WRITTEN BY JAYMI NACIRI
Buying a new home isn’t the same as buying an existing home. The more you know going in, the more prepared you’ll be to roll with the process – or run from the process.
Everything all bright, shiny, and new
No one else’s taste, no one else’s floorplan, no one else’s germs. When you buy a brand – new home, it’s built for you and hasn’t been lived in by anyone but you.
Decisions, decision, decisions
What you see is not what you get
Model homes are typically decked out with beautiful upgrades and multiple options, and those upgrades and options can cost big bucks. If you want your home to look like the model, be prepared to shell out far more money than what the base price of the house indicates.
You’ll have a warranty
“Warranties for newly built homes generally offer limited coverage on workmanship and materials relating to various components of the home, such as windows, heating, ventilation and air conditioning (HVAC), plumbing, and electrical systems for specific periods. Warranties also typically define how repairs will be made,” according to the Federal Trade Commission’s Consumer Protection site.
The duration of coverage varies depending on the component of the house. Coverage is provided for workmanship and materials on most components during the first year. For example, most warranties on new construction cover siding and stucco, doors and trim, and drywall and paint during the first year. Coverage for HVAC, plumbing, and electrical systems is generally two years. Some builders provide coverage for up to 10 years for ‘major structural defects,’ sometimes defined as problems that make a home unsafe and put the owner in danger. For example, a roof that could collapse is a ‘major structural defect.’
Home warranties are typically extendable after that first year, although you’ll be responsible for the cost.
You may have to buy sight unseen
In some cases, model homes may not be built – or only a few of the floorplans will be featured as models – and you won’t have an opportunity to walk through the homes to get a feel for how they live. You should have pictures and floorplans to view, and maybe even a virtual tour, but if you’re the type that needs to be in it to get it, you may be disappointed.
The noise – and the dust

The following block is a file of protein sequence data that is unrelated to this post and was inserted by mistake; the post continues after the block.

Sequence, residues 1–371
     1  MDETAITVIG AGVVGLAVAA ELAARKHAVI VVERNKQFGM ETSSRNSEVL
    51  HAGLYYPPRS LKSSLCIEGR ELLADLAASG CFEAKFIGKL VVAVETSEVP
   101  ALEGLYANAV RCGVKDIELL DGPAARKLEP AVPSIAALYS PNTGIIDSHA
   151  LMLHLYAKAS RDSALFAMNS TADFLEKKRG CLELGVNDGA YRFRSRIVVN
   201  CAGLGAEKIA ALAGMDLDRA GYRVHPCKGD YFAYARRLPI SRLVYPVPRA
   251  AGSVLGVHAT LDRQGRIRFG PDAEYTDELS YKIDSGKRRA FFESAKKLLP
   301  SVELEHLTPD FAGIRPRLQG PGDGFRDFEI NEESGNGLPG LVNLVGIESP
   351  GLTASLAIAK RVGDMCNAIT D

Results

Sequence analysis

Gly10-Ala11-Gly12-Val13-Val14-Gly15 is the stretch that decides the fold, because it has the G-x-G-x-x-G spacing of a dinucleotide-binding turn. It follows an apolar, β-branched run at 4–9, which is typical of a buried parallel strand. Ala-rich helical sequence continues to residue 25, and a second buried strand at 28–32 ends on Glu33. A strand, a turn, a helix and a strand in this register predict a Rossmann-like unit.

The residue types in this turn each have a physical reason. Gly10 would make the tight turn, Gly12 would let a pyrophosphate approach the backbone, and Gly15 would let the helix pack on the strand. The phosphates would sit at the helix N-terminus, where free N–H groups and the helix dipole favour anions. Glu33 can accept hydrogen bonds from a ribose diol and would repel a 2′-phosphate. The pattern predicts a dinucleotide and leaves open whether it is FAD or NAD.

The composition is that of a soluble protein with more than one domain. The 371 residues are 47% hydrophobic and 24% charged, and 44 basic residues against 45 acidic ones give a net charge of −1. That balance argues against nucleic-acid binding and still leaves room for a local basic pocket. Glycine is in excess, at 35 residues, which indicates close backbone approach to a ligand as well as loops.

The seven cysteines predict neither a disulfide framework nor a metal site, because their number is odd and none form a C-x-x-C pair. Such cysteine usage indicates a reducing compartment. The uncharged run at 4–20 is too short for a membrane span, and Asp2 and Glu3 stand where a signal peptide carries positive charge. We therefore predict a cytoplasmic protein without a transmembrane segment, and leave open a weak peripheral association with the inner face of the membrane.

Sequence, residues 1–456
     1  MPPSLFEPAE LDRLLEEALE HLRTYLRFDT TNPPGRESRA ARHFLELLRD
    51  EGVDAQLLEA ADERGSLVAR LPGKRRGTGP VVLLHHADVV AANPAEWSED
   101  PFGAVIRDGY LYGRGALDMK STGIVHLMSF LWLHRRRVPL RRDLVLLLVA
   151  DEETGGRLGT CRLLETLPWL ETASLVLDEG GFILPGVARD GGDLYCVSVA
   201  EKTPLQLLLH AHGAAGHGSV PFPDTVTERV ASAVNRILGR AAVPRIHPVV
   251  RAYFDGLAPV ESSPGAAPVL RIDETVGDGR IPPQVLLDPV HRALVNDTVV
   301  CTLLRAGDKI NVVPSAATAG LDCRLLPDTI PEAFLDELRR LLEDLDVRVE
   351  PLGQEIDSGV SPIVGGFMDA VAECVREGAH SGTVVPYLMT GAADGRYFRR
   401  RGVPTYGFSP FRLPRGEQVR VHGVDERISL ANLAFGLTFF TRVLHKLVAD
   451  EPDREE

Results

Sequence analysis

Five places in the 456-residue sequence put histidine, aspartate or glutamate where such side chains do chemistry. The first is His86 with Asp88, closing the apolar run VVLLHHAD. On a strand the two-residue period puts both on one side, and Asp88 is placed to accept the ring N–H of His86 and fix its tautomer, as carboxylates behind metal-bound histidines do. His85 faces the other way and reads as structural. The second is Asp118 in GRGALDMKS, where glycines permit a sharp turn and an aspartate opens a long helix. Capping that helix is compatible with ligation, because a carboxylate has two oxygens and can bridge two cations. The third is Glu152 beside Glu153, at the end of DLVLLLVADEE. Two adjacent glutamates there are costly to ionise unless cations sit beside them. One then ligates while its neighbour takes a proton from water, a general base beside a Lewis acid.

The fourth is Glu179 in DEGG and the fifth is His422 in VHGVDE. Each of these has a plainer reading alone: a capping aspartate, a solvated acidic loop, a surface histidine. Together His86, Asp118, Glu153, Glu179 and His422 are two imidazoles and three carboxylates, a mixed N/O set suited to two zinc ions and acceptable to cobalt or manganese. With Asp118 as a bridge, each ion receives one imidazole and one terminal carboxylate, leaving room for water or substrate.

When considering which home to buy, the location of the lot is obviously important. But have you asked about how construction is going to roll out in the neighborhoods? It could be that your home is on a street that serves as a main artery for trucks and other construction traffic. Or perhaps you’re in a location where construction is going to be going on all around you for months. Yes, the noise and dust will disappear – eventually. But how long are you willing to wait?
Don’t expect a price reduction
You may be used to negotiating on the price of an existing home for sale, but new home prices aren’t typically negotiable. The builder or developer may be willing to throw in some upgrades as part of the negotiation, but, the hotter the community, the less likely you are to get anything for free.
You can still work with your real estate agent
Working with an agent who is savvy in new construction will help get you the home you want and any available extras. Keep in mind that many new – home communities today offer real estate agents a commission for bringing in a buyer, but they insist that the real estate agent register their buyer on the first visit. So don’t show up alone to tour the community for the first time! You could cost your agent money and then have to navigate the purchase on your own.
It might behoove you to work with their in – house lender
If you’re already working with a lender, you obviously don’t want to be disloyal. But, there may be financial benefits to working with the builder/developer’s in – house lender. Many times, they offer a lower rate overall, will buy down your rate, or will offer you a “teaser” rate that keeps your payments lower for the first year or first few years.
Get familiar with this term: Standing inventory
If builders have pre – built homes that are waiting to be sold, this is the one place you may have wiggle room room on price. Another advantage of standing inventory is there is no construction wait, and these homes are often nicely amenitized with upgrades.
You might not be able to buy the lot you want
New homes are typically released in phases, and it might be that the lot you have your eye on gets snapped up by someone who was prequalified before you, or higher up on a waiting list if it’s a really popular community. Or, perhaps you want a homesite that isn’t set for release until later when you’re ready to purchase now. Flexibility is the key to being able to get what you want.
Amenities might not be available or built right away
If a community’s amenities are a draw for you, be sure to ask about when they will be built. It could be that the pool and community park you’re so excited about are years out from being realized.